>which I assume to be light-hearted since I subscribe to this list because I'm
Actually, John, I read somewhere that almost 50% of English people have
Celtic lineage. Maybe you should check it out?
In America, many Irish changed their names to English names, as there was a
lot of persecution here, which we are rarely told about. Many Americans
assume they are "English" when they are in fact of Irish descent.
I have some friends with the last name of McCann. I asked them if they were
Irish. They told me their family was Irish but identified as Scots because
they came during the time of the Great Hunger and it was unpopular to be Irish.
Also, many of the Irish slaves sent to Barbados, St.Kitts, Jamaica, and the
colony of Virginia had their names, religions, and national identities
forcibly changed. Many Americans who think they are English are in fact
descendants of Irish slaves.
BTW, there is an article today in the American Irish Newsletter that says,
"St. Kitts Slavery Monument in the Works" by Tom Culane of New Jersey.
He states, "....Over 100,000 young children who were orphans or had been
taken from their Catholic parents were sent abroad into slavery in the West
Indies, Virginia, and New England. It was hoped that they might lose their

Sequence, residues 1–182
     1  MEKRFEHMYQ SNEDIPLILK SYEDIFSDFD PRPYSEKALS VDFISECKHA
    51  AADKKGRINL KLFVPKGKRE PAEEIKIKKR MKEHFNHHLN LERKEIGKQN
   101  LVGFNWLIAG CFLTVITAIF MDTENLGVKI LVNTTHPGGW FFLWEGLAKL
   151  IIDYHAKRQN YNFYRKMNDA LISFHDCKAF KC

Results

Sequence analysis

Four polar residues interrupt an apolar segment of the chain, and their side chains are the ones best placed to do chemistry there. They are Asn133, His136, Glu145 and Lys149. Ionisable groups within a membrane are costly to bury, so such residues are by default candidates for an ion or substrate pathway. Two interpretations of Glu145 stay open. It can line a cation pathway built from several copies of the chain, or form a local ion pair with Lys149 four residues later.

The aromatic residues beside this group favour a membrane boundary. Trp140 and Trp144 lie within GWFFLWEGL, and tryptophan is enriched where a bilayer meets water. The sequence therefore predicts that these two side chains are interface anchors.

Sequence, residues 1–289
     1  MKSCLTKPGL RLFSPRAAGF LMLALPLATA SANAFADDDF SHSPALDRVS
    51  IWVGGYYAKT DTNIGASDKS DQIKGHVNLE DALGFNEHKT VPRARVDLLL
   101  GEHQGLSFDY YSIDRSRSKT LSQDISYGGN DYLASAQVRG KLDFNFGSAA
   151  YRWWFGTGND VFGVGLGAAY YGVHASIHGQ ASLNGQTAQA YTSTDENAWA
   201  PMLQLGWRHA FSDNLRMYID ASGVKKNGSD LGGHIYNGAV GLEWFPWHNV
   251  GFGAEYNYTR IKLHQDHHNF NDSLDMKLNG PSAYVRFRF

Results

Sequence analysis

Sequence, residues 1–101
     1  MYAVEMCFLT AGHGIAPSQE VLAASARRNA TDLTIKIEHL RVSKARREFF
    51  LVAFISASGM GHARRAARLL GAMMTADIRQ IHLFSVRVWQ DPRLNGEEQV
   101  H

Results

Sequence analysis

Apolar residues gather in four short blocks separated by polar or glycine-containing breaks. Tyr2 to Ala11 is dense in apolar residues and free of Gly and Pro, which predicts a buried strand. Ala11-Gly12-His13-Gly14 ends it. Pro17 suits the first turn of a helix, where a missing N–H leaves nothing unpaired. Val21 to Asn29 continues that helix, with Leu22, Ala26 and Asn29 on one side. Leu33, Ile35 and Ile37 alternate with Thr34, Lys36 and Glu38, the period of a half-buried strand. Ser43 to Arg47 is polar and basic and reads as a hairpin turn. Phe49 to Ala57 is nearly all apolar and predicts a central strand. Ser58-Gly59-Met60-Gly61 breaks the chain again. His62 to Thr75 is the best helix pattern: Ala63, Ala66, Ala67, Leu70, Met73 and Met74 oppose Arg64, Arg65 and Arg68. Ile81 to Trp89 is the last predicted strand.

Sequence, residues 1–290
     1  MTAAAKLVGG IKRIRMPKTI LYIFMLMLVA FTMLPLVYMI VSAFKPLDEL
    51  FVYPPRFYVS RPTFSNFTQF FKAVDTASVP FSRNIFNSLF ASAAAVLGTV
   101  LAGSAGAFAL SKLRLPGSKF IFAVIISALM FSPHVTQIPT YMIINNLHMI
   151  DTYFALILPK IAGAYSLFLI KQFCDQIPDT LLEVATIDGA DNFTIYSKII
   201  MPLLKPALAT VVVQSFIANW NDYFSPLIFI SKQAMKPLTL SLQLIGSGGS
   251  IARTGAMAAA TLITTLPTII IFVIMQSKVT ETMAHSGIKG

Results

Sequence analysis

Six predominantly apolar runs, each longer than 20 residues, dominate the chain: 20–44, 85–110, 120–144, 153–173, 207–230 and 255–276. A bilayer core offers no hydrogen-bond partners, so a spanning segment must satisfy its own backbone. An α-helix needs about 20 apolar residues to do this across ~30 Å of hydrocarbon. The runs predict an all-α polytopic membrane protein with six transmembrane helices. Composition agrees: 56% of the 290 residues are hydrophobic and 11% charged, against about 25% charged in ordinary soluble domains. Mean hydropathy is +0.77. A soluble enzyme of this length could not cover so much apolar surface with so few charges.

faith and all knowledge of their nationality, for, in most instances even
their names were changed. Many of the 25,000 Irish slaves on St.Kitts died
from tropical heat, disease, or overwork. Any Irish caught trying to escape
were branded FT for Fugitive Traitor on their forehead. Other slaves were
whipped, hung by their hands and set on fire, or beaten over the head until
bloody for anything the English considered provocation. Over 150 Irish
slaves were caught practicing Catholicism and were shipped to the tiny
uninhabitable Crab Island where they were left to die of starvation.
Many of the Irish who survivied these drastic conditions, and their
descendants, were eventually shipped from the West Indies to the new English
settlements in South Carolina.....
It is this moving story that prompted the Minister of St. Kitts, Hon. G A.
Dwyer Astaphan, to meet with PEC member Tom Culhane. Mr. Culhane proposed
that a monument be erected near where the Irish slaves were unloaded and
sold to honor their memory. Such a monument will make certain that this dark
period of Irish history will not be forgotten...".
For further information on this project contact:
954 Stuyvesant Avenue,
Union, New Jersey. 07083 USA
For the complete text, and many more fascinating articles, subscribe to the
American Irish Newsletter at (914) 947-2726.
I have found things out from this newsletter, that you cannot find in ANY
public library in California.